A tip for Negotiating - Practice making Low Ball Offers

Discussion in 'The Buying & Selling Process' started by See Change, 8th Feb, 2020.

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  1. See Change

    See Change Well-Known Member

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    Many years ago we were looking for a new PPOR ( Upper North Shore , Sydney )

    Market was quiet so we weren't under any time pressure .

    We went around making offers we could afford on properties we couldn't afford .

    We were polite about it . We didn't denigrate the properties . We were apologetic about our offers

    Our standard line was " we really like the property , we realize they expect more , but this is all we can afford " .

    It was a great learning experience .

    We saw how agents reacted to low ball offers , some were offended , some were quite practical . If they said they wouldn't pass it on ( A couple did ) I reminded them ( unless they has specific instructions not to ) they had a legal obligation to do so ( at least in NSW ).

    We saw how we reacted to making a low offer to the point where we no longer worry about making one .

    What was interesting was seeing how vendors reacted . Some were offended, some politely rejected it ( well at least that's what the agents said ) , some came back with counter offers that were SIGNIFICANTLY LOWER THAN THE ASKING PRICE . The reality is you ( and often the agent ) have no idea on the vendors real situation .

    Because we had no real expectations on getting any of them we had no emotion attached and no problems with walking away without making another offer.

    I have no idea if this happened , but I also wonder whether in a way whether it conditioned the agents that we didn't come back with further offers .

    When we did buy our PPOR it was to an agent we had made one of these offers and our first offer was accepted ...

    Cliff
     
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  2. Elives

    Elives Well-Known Member

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    Hi See Change, if you don't mind me asking how much was the listed price and how much did you get the property for?
     
  3. Ardi

    Ardi Well-Known Member

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    Did you ever give more explanations for the low offers? Or just the one mentioned above?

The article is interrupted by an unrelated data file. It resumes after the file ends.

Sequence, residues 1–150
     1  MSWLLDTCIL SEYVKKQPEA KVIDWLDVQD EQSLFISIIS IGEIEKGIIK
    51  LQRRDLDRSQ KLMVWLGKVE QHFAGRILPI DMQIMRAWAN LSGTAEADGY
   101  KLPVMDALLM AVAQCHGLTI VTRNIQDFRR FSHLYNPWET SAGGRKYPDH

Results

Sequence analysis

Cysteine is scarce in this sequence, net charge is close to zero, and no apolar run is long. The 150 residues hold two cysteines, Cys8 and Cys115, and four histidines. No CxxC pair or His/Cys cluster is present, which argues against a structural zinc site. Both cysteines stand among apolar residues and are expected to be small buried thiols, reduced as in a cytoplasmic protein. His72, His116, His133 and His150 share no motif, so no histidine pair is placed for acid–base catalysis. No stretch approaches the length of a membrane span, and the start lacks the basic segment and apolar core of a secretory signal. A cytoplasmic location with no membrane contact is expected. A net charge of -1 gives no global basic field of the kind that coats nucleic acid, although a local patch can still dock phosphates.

With the intent of buying under value (as very often you hear this is where tge most is made) I have made numerous low ball offers in the past, but have never had any success and often a negative response from the agent. I often wonder if they even pass it on to the vendor.

    Do you think this ever eroded relationships with agents?
     
  4. paulF

    paulF Well-Known Member

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    That is the crux of the matter indeed. Been there twice with my first and second purchases.
    The first in 2011, was an auction with a reserve of 720K (vendor bid). I didn't bid even though there was around 12 people in the room with plenty of interest. Was the last one standing after the auction finished and negotiated down to 650K. Pure luck to be honest and obviously a lot of patience... Vendor had to sell on the day as she was moving interstate.

    Same story in 2014, didn't bid on my current PPOR and when everyone left, i made a low ball offer (an easy 30k under market ) and got the property as the vendor had to sell as she was moving.
    Obviously , i could have lost both properties that way but, there are always plenty of opportunities out there. Always.

    Great savings on buying price can be made with a bit of hard work, patience and with some luck
     
  5. Sackie

    Sackie Well-Known Member Premium Member

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    Most likely it would have to some agents. The other thing to remember is even if your offer is lower than they'd like,. If there is not much interest, most agents will (behind closed doors) try their best to sell your offer to their client, making it almost sound better than winning the lottery. At the end of the day the vast majority of agents just want the sale to close.
     
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  6. Leeroy93

    Leeroy93 Well-Known Member

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    Agent's motives vary, sellers motives vary. If you don't make an offer in the first place, you don't get the deal. Over time you'll understand what works for you and how to best articulate your offers to reduce risk of offense. If you make a lot of low-ball offers it can be quite disheartening when you miss out on so many opportunities. So you need to be confident that you can overcome those mental challenges, be patient and play the long game.
     
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  7. Scott No Mates

    Scott No Mates Well-Known Member